The Spectacle Blog

Study: 83 Mln Would Lose Private Health Coverage Under House Dem Plan

By on 7.20.09 | 12:16PM

Democrats and President Obama have denied that the creation of a new government-run health care plan would be a Trojan Horse for single-payer health care, but a new report by the Lewin Group (comissioned by the Heritage Foundation) finds that the House Democrats' health care bill would shift more 83.4 million Americans from private health care coverage to the government plan. To put that in perspective, that would mean that nearly half (48.4 percent) would lose their private health coverage. In all, the government plan would have 103.4 million members once implemented, according to the Lewin analysis. President Obama has repeated the mantra that anybody who likes their health insurance plan can keep it, but in reality about 63 percent of covered Americans get their health care through their employers, and if employers decide to drop their current health plans in favor of the government plan, workers won't have any choice but to sign up.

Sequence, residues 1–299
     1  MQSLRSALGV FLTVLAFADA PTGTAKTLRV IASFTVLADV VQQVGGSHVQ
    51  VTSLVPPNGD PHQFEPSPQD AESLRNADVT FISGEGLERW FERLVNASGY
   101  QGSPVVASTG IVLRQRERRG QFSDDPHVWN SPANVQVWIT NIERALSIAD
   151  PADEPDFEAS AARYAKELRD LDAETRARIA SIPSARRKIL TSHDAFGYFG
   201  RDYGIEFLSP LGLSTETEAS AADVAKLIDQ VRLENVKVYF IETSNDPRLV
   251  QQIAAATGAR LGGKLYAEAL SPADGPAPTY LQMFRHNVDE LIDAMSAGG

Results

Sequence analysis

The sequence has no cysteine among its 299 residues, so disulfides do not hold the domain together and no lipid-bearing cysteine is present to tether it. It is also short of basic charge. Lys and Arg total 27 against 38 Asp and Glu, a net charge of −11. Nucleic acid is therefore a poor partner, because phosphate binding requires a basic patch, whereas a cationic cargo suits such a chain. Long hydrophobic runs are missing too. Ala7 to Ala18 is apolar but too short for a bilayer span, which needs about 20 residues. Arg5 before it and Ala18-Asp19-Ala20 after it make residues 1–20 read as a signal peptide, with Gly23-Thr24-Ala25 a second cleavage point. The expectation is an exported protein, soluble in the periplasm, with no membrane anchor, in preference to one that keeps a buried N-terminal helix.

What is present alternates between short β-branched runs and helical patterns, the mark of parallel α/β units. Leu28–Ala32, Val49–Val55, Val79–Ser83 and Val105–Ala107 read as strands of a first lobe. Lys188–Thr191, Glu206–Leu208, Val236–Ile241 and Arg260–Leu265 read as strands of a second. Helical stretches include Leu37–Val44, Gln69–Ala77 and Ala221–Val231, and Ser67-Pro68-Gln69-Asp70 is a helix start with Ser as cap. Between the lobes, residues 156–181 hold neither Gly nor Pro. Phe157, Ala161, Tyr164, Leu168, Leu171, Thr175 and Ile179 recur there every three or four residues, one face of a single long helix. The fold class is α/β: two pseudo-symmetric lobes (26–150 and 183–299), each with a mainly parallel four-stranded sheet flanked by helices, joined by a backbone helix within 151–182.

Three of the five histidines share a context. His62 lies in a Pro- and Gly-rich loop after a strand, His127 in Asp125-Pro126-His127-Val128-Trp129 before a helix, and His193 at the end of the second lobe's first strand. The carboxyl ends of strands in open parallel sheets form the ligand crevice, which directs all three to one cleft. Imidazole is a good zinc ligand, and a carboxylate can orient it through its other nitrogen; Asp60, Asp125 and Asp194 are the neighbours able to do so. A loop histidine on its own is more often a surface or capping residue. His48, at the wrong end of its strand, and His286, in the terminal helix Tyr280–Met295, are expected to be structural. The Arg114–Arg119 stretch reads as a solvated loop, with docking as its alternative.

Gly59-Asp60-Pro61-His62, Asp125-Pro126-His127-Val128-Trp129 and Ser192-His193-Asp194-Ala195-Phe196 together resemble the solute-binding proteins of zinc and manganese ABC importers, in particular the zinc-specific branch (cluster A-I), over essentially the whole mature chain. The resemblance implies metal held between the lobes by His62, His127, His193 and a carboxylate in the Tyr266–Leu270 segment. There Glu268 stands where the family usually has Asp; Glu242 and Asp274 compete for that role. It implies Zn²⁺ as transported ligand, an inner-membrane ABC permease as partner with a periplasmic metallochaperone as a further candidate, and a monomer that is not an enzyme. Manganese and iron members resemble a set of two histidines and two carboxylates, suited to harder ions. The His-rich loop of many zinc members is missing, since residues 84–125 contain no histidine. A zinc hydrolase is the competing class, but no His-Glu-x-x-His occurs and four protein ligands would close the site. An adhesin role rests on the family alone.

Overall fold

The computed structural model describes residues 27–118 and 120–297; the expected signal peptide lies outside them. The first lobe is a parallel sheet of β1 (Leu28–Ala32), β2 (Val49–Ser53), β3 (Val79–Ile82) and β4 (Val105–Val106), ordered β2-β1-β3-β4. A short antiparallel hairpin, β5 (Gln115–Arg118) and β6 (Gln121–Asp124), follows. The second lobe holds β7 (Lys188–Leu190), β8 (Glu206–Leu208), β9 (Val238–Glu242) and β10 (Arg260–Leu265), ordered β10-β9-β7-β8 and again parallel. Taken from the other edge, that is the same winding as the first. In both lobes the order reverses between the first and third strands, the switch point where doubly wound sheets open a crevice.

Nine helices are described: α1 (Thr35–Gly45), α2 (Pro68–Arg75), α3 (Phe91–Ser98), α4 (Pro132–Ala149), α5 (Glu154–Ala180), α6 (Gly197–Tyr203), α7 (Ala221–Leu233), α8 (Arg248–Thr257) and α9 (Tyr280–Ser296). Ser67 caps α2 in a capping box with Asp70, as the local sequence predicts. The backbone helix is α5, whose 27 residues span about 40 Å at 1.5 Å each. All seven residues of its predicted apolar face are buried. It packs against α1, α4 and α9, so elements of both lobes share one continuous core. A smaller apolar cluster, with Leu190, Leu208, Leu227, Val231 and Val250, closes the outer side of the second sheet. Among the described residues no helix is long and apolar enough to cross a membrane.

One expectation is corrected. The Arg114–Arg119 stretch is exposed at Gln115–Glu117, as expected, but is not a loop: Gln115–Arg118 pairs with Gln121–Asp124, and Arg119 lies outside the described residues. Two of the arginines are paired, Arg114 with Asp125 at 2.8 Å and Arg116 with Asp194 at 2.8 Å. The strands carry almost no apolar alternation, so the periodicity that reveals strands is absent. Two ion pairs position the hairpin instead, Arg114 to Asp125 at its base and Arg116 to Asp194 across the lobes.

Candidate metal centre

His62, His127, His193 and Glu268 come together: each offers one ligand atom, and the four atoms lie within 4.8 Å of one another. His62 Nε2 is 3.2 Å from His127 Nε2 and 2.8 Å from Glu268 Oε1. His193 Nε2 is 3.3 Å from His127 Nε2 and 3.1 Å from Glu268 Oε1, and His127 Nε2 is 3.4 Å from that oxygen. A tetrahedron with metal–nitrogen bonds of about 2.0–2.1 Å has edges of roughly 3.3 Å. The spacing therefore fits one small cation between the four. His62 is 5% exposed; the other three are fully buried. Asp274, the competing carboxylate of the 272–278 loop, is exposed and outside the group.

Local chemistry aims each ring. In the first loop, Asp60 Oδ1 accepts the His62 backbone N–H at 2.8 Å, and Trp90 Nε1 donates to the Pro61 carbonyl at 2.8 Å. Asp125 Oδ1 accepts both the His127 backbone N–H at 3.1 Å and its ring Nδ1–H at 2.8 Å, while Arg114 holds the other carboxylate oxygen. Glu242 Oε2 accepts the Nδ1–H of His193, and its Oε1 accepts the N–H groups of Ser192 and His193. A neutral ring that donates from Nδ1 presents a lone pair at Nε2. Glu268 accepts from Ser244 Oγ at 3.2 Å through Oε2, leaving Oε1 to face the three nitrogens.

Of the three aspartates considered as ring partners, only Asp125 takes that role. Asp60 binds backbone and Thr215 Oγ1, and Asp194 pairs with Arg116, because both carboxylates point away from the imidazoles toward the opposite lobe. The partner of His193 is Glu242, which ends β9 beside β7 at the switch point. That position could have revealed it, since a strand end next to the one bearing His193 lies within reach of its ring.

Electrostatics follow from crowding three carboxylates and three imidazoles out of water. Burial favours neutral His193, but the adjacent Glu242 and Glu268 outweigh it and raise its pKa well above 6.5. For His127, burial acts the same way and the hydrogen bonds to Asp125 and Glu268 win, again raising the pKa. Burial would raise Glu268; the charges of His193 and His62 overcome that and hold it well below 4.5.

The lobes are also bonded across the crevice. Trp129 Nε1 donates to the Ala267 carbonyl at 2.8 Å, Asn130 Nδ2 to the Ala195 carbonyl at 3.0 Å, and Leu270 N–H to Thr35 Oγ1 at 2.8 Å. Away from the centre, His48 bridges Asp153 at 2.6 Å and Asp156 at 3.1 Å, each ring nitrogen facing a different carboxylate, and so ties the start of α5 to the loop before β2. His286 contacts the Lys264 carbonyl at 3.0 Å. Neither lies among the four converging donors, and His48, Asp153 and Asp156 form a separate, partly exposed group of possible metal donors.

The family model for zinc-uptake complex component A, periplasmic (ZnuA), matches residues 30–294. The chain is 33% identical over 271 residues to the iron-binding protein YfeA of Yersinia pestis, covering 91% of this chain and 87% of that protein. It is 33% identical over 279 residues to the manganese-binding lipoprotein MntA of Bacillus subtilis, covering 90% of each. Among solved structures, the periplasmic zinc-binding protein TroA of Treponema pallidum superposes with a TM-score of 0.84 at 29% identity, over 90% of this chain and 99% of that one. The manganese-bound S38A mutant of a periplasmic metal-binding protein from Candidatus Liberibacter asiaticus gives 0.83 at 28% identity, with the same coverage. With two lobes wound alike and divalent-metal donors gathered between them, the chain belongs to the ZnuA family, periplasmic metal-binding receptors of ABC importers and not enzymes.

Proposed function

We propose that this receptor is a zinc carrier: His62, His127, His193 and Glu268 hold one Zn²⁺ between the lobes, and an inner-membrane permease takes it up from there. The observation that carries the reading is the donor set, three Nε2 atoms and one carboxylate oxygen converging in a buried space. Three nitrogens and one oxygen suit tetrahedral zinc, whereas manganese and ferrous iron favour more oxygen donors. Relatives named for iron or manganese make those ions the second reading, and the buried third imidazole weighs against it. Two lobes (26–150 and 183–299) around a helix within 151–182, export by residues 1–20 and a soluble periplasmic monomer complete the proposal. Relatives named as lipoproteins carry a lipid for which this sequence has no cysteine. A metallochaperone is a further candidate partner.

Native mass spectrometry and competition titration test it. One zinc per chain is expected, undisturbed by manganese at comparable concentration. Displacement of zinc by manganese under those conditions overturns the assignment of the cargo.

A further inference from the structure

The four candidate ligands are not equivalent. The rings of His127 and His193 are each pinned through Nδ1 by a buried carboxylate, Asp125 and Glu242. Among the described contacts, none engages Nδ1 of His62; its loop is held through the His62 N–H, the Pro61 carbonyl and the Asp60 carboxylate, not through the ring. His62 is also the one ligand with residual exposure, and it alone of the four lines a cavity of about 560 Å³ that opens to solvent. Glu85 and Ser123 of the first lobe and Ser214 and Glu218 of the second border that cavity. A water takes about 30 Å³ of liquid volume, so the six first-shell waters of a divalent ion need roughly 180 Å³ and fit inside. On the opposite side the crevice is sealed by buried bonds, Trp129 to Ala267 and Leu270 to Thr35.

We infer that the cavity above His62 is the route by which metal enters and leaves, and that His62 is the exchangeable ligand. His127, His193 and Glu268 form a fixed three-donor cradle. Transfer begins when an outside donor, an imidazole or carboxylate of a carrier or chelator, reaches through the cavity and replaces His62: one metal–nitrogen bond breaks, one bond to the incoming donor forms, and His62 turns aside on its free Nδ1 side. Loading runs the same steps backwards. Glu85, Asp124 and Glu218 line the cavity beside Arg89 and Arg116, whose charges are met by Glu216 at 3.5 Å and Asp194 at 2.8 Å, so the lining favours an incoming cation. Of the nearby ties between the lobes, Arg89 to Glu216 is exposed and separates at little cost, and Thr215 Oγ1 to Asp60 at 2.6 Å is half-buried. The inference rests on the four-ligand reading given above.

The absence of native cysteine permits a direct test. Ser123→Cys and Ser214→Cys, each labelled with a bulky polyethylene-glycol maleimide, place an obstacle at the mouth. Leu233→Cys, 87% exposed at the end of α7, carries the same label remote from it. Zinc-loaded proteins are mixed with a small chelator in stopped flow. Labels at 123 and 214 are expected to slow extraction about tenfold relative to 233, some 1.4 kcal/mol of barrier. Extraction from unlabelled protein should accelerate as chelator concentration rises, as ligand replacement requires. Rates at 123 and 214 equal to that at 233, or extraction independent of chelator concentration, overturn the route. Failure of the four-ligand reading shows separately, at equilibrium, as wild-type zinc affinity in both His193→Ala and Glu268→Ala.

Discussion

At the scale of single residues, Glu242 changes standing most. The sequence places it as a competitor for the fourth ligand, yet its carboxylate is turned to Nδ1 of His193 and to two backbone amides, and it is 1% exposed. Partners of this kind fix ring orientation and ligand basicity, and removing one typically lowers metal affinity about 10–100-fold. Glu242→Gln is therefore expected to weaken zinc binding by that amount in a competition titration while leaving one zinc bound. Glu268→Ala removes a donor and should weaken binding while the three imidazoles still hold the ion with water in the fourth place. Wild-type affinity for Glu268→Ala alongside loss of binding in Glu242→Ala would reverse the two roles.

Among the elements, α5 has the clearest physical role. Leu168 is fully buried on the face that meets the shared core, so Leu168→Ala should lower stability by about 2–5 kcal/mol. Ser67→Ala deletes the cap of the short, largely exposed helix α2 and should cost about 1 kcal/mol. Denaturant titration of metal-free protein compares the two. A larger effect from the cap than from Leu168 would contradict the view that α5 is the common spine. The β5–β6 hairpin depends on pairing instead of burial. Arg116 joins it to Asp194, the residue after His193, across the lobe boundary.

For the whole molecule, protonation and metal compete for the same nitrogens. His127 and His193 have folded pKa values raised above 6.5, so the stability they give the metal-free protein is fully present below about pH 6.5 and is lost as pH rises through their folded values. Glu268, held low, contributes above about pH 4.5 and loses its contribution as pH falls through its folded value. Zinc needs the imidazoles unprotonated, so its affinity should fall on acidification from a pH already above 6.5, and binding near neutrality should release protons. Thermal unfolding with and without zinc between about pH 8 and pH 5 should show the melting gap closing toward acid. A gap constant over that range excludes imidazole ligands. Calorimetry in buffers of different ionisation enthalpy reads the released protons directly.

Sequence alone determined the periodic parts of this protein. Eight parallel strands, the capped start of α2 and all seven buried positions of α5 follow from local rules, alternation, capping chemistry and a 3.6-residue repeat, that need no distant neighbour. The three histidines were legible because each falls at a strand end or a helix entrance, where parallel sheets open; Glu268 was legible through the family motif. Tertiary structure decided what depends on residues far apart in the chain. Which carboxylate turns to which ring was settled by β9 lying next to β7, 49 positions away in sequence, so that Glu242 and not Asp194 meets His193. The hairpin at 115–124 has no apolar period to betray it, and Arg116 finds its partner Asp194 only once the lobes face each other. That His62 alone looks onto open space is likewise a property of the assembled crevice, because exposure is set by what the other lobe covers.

Here's a Lewin chart titled, "Changes in Sources of Coverage under the American Affordable Health Choices Act Assuming Full Implementation in 2011 (millions)":

The reason for the dramatic shift is that the Lewin Group has anticipated that with government setting lower reimbursement rates for doctors, hospitals and other health care providers, the government plan will offer lower premiums than private plans. However, the flip side is that the Congressional Budget Office estimates providers will lose $361.9 billion in revenue over the next decade if the House bill is passed. That will mean lower quality of care, shortages in doctors and hospitals, and/or increased shifting of costs on to those with private health care. Should further cost-shifting occur, it will then in turn erode private health care coverage even more dramatically.

UPDATE: Over at Investor's Business Daily, David Hogberg explores the key question concerning whether the government plan will be operating on a level playing field: will a government-run plan be allowed to fail?

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